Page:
We recapitulate (Section 1) some basic details of the system of implicative BCSK logic, which has two primitive binary implicational connectives, and which can be viewed as a certain fragment of the modal logic S5. From this modal perspective we review (Section 2) some results according to which the pure sublogic in either of these connectives (i.e., each considered without the other) is an exact replica of the material implication fragment of classical propositional logic. In Sections 3 and 5 we (...) show that for the pure logic of one of these implicational connectives two-in general distinct-consequence relations (global and local) definable in the Kripke semantics for modal logic turn out to coincide, though this is not so for the pure logic of the other connective, and that there is an intimate relation between formulas constructed by means of the former connective and the local consequence relation. (Corollary 5.8. This, as we show in an Appendix, is connected to the fact that the 'propositional operations' associated with both of our implicational connectives are close to being what R. Quackenbush has called pattern functions.) Between these discussions Section 4 examines some of the replacement-of-equivalents properties of the two connectives, relative to these consequence relations, and Section 6 closes with some observations about the metaphor of identical twins as applied to such pairs of connectives. (shrink)
Sections 1 and 2 respectively raise and settle the question of whether, if an affirmative modality collapses (reduces to the null modality, that is) in a normal modal logic, then all modalities of the same length collapse in that logic, while Section 3 considers some special cases of an analogous phenomenon for congruential modal logics, closing with a general question about collapsing modalities in this broader range of logics.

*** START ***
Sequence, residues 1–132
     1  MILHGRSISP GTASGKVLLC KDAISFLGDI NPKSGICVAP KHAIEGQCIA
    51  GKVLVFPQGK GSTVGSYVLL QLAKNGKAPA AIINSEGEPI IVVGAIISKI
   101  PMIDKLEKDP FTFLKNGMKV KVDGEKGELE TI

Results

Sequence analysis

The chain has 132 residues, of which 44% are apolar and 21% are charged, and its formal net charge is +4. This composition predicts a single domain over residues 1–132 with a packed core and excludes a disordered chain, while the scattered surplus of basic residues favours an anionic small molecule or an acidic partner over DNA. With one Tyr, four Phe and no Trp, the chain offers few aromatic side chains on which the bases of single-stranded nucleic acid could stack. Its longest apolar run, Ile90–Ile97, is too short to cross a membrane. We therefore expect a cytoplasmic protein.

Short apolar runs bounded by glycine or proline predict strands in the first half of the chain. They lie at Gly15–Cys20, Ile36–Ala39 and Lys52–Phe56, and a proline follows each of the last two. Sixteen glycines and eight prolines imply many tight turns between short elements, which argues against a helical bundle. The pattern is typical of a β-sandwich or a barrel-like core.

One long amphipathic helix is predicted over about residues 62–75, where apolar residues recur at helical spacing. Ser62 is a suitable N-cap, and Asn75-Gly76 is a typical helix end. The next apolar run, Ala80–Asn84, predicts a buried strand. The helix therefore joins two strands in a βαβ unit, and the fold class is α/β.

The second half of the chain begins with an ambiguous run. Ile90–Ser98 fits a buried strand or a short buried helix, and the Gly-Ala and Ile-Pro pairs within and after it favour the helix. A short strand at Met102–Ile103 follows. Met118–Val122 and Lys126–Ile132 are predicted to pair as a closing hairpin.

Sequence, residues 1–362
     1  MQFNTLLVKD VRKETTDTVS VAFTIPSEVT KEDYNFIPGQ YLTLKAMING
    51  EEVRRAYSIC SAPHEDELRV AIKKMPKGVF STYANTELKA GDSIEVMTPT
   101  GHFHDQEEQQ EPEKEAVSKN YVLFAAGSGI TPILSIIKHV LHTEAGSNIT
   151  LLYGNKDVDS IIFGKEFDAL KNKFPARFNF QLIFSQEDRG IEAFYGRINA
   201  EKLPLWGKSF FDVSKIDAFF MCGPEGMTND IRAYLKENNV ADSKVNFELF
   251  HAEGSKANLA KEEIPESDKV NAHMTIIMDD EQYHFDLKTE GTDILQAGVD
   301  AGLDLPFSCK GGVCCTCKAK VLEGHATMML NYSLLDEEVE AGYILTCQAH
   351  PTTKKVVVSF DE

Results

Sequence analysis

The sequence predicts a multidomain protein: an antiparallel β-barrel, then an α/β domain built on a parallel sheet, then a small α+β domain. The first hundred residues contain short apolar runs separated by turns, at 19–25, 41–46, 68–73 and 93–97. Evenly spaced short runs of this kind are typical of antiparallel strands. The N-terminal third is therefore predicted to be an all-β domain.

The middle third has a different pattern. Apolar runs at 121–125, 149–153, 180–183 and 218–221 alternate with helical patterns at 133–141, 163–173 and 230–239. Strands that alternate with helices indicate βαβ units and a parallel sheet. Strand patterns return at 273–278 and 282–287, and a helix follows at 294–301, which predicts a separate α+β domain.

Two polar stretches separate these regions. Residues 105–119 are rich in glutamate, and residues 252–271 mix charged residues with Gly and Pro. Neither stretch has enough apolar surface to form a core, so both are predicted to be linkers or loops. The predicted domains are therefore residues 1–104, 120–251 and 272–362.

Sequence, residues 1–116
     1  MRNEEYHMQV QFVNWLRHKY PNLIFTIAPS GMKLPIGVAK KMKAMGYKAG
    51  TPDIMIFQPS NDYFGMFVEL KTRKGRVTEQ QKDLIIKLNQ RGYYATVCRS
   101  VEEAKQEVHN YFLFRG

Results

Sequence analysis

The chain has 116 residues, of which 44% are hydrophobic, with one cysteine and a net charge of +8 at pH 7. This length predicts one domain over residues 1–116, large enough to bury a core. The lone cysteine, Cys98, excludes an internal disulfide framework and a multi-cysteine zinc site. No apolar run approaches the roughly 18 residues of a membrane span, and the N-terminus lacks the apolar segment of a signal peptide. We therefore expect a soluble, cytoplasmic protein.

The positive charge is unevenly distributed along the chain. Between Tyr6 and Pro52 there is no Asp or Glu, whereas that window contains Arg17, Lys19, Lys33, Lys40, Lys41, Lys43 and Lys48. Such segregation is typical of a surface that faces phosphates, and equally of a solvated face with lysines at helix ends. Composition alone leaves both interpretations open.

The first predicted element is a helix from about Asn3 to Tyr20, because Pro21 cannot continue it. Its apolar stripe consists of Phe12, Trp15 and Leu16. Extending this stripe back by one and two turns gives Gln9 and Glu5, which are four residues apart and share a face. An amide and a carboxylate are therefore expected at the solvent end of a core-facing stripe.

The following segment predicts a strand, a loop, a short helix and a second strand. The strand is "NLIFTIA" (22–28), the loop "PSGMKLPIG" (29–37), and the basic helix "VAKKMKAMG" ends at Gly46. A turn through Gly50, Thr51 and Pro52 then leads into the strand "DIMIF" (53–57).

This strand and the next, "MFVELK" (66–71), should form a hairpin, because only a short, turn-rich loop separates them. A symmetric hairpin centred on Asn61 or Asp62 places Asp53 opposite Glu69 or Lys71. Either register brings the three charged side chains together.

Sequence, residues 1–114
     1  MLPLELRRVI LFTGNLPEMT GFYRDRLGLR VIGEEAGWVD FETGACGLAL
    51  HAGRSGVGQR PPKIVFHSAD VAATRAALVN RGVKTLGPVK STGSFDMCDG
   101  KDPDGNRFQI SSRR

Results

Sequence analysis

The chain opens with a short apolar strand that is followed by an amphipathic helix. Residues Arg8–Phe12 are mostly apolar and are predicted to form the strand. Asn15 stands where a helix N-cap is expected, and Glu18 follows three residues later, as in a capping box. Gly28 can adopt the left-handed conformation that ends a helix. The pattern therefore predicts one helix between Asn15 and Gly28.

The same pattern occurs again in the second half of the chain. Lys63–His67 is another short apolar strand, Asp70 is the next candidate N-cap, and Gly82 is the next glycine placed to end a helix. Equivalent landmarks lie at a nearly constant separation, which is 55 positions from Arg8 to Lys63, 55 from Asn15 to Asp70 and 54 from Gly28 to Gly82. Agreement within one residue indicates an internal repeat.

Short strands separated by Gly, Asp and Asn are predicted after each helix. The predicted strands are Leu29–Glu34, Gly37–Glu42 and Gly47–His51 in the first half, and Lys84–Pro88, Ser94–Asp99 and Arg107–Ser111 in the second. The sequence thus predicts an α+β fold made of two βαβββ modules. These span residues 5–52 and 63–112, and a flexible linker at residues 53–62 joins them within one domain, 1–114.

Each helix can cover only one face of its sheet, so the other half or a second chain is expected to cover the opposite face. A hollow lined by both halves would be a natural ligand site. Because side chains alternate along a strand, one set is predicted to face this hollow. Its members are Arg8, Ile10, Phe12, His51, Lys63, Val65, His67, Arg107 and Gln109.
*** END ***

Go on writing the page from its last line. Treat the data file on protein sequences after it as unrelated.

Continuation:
After some motivating remarks in Section 1, in Section 2 we show how to replace an axiomatic basis for any one of a broad range of sentential logics having finitely many axiom schemes and Modus Ponens as the sole proper rule, by a basis with the same axiom schemes and finitely many one-premiss rules. Section 3 mentions some questions arising from this replacement procedure , explores another such procedure, and discusses some aspects of the consequence relations associated with the different (...) axiomatizations in play. Several open problems are mentioned. An appendix briefly treats the issue of a similar ‘at most one-premiss rules’ reformulation of proof systems with sequent-to-sequent rules. (shrink)
If a certain semantic relation (which we call 'local consequence') is allowed to guide expectations about which rules are derivable from other rules, these expectations will not always be fulfilled, as we illustrate. An alternative semantic criterion (based on a relation we call 'global consequence'), suggested by work of J.W. Garson, turns out to provide a much better - indeed a perfectly accurate - guide to derivability.
We study a multiple-succedent sequent calculus with both of the structural rules Left Weakening and Left Contraction but neither of their counterparts on the right, for possible application to the treatment of multiplicative disjunction against the background of intuitionistic logic. We find that, as Hirokawa dramatically showed in a 1996 paper with respect to the rules for implication, the rules for this connective render derivable some new structural rules, even though, unlike the rules for implication, these rules are what we (...) call ipsilateral: applying such a rule does not make any formula change sides—from the left to the right of the sequent separator or vice versa. Some possibilities for a semantic characterization of the resulting logic are also explored. The paper concludes with three open questions. (shrink)